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Antimicrobial Resistance and Increased Virulence of Salmonella

Division of Microbiology, National Center for Toxicological Research, U. S. Food and Drug Administration, Jefferson, AR 72079, USA
Author to whom correspondence should be addressed.
Microorganisms 2022, 10(9), 1829;
Received: 8 September 2022 / Accepted: 11 September 2022 / Published: 14 September 2022
(This article belongs to the Special Issue Antimicrobial Resistance and Increased Virulence of Salmonella)
This special issue of Microorganisms highlights the importance of antimicrobial resistance (AMR) and increased virulence of Salmonella with multiple research papers. Key to the increase in AMR and virulence are plasmids, whose importance is briefly discussed in this editorial. The acquisition of various large plasmids has impacted the global epidemiology and cross-country dissemination of Salmonella enterica strains. Plasmids are extrachromosomal, generally circular DNA molecules that often contain genes that provide bacteria several biological functions including virulence and AMR [1]. Some of the Salmonella large plasmids possess multiple AMR genes and virulence factors; hence, co-selection of AMR and virulence properties yield potentially more dangerous pathogens [2]. Commonly, these plasmids are low copy number and confer minimal fitness costs. The role of some of these virulence-associated plasmids in the dissemination of AMR and increased virulence in food-animal environments and humans are discussed in this special issue.
Salmonella virulence plasmids, commonly known as pSV plasmids, are one of the more well-studied plasmids [3,4,5]. pSV plasmids carry the Salmonella plasmid virulence (spv) operon, a highly conserved 7.8-kb region, harboring several virulence genes promoting intracellular infections in hosts [3]. spvABCD genes encode proteins that are translocated into host cells via the type-3 secretion system (T3SS) and modulate host immune responses by several mechanisms, including preventing actin polymerization and down-regulating host immune responses [6,7,8]. The role of spv in virulence and pathogenesis during the infection process was delineated using different model infection approaches, such as the subcutaneous mouse model [6,9] and zebrafish model [10].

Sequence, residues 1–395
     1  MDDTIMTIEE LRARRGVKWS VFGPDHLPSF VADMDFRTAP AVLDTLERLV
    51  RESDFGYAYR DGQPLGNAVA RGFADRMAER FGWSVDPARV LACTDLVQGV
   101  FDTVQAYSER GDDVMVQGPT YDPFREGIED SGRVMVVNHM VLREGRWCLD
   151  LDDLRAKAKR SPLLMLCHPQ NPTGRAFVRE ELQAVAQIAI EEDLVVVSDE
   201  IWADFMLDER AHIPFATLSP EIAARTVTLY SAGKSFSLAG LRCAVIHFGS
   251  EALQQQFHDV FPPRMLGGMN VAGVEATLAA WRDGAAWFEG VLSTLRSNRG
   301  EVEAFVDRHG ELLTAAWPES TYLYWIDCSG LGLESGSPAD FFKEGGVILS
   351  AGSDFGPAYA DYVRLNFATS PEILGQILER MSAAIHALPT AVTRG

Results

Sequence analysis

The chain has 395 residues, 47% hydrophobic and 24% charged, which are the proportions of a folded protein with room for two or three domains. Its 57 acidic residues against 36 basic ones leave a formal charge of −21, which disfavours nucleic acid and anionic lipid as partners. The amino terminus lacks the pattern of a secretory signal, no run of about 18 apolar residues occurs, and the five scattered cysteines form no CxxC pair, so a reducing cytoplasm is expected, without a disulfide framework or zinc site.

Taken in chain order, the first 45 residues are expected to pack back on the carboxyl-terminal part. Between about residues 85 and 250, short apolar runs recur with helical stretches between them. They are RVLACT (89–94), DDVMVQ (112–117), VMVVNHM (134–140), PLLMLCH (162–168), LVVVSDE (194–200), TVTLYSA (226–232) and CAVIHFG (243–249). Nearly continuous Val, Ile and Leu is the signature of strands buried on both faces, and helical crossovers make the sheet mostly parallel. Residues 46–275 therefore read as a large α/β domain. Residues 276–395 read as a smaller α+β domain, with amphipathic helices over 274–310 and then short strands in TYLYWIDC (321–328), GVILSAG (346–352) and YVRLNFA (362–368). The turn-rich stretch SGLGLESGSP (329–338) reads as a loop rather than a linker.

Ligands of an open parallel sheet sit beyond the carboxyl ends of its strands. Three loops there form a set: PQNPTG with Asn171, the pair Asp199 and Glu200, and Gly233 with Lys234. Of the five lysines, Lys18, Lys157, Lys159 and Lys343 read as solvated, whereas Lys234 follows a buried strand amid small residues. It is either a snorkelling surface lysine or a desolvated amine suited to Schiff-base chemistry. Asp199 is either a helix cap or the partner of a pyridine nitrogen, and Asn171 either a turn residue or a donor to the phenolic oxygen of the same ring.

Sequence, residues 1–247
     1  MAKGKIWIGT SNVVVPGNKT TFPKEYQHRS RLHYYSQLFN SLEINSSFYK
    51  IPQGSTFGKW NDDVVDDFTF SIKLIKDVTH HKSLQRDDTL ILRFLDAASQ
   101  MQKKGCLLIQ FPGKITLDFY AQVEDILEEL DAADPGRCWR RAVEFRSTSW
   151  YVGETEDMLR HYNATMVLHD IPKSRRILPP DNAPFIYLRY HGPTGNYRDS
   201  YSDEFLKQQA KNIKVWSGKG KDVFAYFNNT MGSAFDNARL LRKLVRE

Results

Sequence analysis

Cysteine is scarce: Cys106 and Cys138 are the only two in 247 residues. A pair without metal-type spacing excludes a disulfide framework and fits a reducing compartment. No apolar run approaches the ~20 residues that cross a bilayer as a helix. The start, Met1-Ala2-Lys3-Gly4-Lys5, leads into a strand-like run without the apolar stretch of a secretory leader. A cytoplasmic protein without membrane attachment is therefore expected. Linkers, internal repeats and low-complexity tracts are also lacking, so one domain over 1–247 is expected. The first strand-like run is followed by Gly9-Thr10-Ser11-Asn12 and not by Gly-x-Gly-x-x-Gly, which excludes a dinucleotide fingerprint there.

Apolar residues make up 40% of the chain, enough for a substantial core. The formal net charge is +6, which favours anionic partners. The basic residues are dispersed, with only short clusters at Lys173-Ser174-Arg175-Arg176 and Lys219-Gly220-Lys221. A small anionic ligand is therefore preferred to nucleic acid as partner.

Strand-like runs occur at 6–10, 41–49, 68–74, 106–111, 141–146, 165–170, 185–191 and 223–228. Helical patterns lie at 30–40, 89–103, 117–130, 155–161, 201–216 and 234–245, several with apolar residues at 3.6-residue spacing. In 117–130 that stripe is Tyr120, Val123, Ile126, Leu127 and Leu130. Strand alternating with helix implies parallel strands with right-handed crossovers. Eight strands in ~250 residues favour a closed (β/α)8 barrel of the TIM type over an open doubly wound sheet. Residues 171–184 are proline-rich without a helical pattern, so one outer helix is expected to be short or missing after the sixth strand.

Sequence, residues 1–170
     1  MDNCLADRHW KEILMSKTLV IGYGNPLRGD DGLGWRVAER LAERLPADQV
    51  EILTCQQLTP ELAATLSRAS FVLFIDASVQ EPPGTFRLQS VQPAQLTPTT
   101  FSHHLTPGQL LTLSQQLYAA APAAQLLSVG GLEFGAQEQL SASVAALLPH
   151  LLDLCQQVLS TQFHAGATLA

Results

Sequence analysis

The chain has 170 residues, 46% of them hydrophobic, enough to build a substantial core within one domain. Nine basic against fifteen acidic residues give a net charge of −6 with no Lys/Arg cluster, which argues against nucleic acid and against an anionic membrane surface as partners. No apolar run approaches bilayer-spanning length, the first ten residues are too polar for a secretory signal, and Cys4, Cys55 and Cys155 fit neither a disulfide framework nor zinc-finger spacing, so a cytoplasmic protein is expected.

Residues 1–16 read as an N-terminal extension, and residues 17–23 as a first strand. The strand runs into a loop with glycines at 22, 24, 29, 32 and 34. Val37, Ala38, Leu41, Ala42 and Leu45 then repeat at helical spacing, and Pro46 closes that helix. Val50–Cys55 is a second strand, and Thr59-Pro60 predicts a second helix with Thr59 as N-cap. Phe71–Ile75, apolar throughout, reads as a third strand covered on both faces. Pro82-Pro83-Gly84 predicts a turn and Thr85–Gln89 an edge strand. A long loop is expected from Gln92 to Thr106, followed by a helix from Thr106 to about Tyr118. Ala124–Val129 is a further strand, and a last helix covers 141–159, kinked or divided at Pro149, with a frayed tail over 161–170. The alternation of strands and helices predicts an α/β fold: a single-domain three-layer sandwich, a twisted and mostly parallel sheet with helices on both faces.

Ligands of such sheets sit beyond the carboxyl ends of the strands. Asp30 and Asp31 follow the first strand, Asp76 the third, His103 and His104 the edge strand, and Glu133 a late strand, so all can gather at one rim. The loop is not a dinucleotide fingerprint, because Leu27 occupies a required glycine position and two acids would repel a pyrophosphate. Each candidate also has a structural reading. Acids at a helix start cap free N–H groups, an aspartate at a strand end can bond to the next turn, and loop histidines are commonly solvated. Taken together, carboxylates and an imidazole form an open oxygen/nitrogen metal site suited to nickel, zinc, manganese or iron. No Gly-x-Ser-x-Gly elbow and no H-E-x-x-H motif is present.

Another group of plasmids that contribute to virulence are the incompatibility group (Inc) FIB plasmids that are related to the ColV plasmid, and are commonly found in several Salmonella serovars including Kentucky, Typhimurium, and Schwarzengrund. In a study by our group, an IncFIB plasmid was transferred to an IncFIB plasmid deficient strain of S. enterica by conjugation [11]. The transconjugant SE819::IncFIB persisted in human intestinal epithelial (Caco-2) cells at a higher rate than the recipient SE819 [11]. Another study demonstrated that horizontal gene transfer of IncFIB plasmid resulted in the emergence of a dominant avian clonal type of S. enterica serovar Kentucky [12]. Additionally, their study examined distribution of these plasmids among 902 Salmonella isolates from different poultry sources. The IncFIB plasmid was found to occur predominantly in serovar Kentucky (72.9% of isolates tested), followed by Typhimurium (15%) and Heidelberg (1.7%); the latter two serovars are among the most commonly associated with disease in humans [12]. In a recent study, our data showed that IncFIB-containing food and clinical S. Schwarzengrund isolates clustered within the same clade, which was separated from the isolates that lacked IncFIB plasmids (unpublished data). These findings suggested that IncFIB containing S. Schwarzengrund persist in a food environment and successfully establish infection in human.
Some S. enterica strains contain another virulence-associated plasmid, an IncX4-like plasmid that harbors a VirB/D4 type 4 secretion system (T4SS) [13]. The VirB/D4 T4SS helps Salmonella survive better inside macrophages and epithelial cells by likely down regulating the host’s innate immune response. In a study, it was shown that multiple Salmonella strains contained IncX4-VirB/D4 plasmids isolated from retail meats, food animals, and human patients associated with a disease outbreak [14]. These data indicate that plasmid factors including VirB/D4 T4SS on the IncX4 plasmid likely play a role in the infection process and/or persistence in food-animal-clinical environments leading to pathogen transmission.